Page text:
In higher education, Birmingham has been the location of the University of Alabama School of Medicine (formerly the Medical College of Alabama) and the University of Alabama School of Dentistry since 1947. In 1969 it gained the University of Alabama at Birmingham, one of three main campuses of the University of Alabama System. It is home to three private institutions: Samford University, Birmingham-Southern College, and Miles College. The Birmingham area has major colleges of medicine, dentistry, optometry, physical therapy, pharmacy, law, engineering, and nursing. The city has three of the state's five law schools: Cumberland School of Law, Birmingham School of Law, and Miles Law School. Birmingham is also the headquarters of the Southwestern Athletic Conference and the Southeastern Conference, one of the major U.S. collegiate athletic conferences.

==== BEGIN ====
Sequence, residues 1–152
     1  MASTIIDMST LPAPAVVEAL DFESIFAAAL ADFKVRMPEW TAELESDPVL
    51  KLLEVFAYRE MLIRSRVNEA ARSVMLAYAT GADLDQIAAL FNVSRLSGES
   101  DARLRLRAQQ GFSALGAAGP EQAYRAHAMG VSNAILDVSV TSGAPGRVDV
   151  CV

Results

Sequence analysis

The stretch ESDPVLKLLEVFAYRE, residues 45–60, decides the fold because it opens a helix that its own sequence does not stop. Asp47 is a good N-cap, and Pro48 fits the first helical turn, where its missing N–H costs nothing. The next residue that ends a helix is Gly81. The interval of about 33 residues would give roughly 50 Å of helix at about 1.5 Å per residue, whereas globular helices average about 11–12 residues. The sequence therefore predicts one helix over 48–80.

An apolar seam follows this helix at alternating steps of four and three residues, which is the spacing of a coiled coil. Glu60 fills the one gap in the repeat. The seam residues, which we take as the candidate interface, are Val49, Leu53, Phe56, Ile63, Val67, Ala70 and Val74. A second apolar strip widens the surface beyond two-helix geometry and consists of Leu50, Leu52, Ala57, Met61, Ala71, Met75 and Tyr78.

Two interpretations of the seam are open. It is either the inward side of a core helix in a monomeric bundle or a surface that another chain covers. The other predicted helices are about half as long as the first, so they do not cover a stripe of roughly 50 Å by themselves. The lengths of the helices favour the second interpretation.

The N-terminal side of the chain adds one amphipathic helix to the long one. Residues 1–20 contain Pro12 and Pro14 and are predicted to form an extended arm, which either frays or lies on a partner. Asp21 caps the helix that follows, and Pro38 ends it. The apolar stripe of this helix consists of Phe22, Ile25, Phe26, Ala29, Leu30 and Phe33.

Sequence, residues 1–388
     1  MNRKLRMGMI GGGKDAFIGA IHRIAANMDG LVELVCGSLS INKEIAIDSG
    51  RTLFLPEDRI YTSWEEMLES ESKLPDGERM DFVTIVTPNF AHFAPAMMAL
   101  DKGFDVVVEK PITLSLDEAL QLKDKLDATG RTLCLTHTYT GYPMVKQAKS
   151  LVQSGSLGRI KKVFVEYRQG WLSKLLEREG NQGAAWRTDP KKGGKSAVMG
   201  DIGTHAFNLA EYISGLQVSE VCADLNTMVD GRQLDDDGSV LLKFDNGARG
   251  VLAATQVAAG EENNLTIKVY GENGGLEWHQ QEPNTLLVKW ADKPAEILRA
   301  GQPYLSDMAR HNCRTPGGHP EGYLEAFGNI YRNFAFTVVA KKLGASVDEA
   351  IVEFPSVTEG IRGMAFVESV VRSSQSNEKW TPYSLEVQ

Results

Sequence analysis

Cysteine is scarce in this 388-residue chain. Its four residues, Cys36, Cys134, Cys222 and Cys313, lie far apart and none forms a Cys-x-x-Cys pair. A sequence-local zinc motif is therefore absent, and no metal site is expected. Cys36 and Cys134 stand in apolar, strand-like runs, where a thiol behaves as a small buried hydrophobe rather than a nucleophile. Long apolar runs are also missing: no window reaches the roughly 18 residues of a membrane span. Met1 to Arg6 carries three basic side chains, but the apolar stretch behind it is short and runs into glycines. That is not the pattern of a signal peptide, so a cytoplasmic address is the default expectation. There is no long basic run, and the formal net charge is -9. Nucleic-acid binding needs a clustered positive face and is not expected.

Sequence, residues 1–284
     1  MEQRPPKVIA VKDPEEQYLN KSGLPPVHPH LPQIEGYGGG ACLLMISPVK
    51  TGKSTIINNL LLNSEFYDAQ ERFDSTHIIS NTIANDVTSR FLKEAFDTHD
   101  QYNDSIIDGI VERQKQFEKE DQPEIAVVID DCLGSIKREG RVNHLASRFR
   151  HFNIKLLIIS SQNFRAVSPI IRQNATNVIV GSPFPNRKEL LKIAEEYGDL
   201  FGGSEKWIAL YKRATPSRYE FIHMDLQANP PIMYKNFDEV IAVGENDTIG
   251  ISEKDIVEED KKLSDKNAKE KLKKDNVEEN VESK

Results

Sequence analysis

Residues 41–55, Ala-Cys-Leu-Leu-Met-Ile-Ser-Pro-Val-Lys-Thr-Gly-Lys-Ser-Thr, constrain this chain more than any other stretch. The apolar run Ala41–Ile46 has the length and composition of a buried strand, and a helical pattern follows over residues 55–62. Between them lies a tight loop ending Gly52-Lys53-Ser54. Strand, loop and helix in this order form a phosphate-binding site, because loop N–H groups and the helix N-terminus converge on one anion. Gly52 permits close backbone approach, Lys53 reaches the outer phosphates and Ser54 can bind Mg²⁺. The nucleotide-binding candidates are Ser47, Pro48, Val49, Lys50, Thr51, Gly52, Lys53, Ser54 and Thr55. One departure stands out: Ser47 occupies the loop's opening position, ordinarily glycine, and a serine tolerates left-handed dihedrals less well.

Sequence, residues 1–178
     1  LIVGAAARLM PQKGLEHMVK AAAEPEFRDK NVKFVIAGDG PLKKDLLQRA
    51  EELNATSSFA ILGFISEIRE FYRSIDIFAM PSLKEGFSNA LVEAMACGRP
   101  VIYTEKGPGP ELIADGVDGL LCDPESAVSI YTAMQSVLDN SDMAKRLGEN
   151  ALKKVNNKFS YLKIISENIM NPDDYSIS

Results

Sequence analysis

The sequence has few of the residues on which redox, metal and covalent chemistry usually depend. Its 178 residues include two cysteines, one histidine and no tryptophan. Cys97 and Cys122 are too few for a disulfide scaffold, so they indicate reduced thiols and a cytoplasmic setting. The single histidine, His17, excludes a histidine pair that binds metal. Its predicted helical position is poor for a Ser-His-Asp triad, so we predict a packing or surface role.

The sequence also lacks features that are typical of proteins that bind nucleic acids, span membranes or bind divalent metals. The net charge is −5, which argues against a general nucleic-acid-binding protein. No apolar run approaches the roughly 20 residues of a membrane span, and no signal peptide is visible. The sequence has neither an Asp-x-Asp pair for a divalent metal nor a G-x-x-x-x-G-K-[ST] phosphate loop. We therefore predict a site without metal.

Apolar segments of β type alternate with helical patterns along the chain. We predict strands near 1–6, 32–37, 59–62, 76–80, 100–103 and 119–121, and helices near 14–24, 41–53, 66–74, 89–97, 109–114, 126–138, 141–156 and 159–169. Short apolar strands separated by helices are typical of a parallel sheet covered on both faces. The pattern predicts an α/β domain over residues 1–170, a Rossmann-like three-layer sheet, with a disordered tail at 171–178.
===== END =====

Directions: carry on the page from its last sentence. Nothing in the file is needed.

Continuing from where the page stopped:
While excluded from the best-paying industrial jobs, African-Americans joined the migration of residents from rural areas to the city, drawn by economic opportunity.
The Great Depression of the 1930s struck Birmingham particularly hard, as the sources of capital fueling the city's growth rapidly dried up at the same time farm laborers, driven off the land, made their way to the city in search of work. Hundreds poured into the city, many riding in empty boxcars. "Hobo jungles" were established in Boyles, the Twenty-fourth Street Viaduct, Green Springs Bridge, East Thomas, Pratt City, Carbon Hill and Jasper. In 1934, President Roosevelt called Birmingham the "worst-hit town in the country." New Deal programs put many city residents to work in WPA and CCC programs, and they made important contributions to the city's infrastructure and artistic legacy, including such key improvements as Vulcan's tower and Oak Mountain State Park.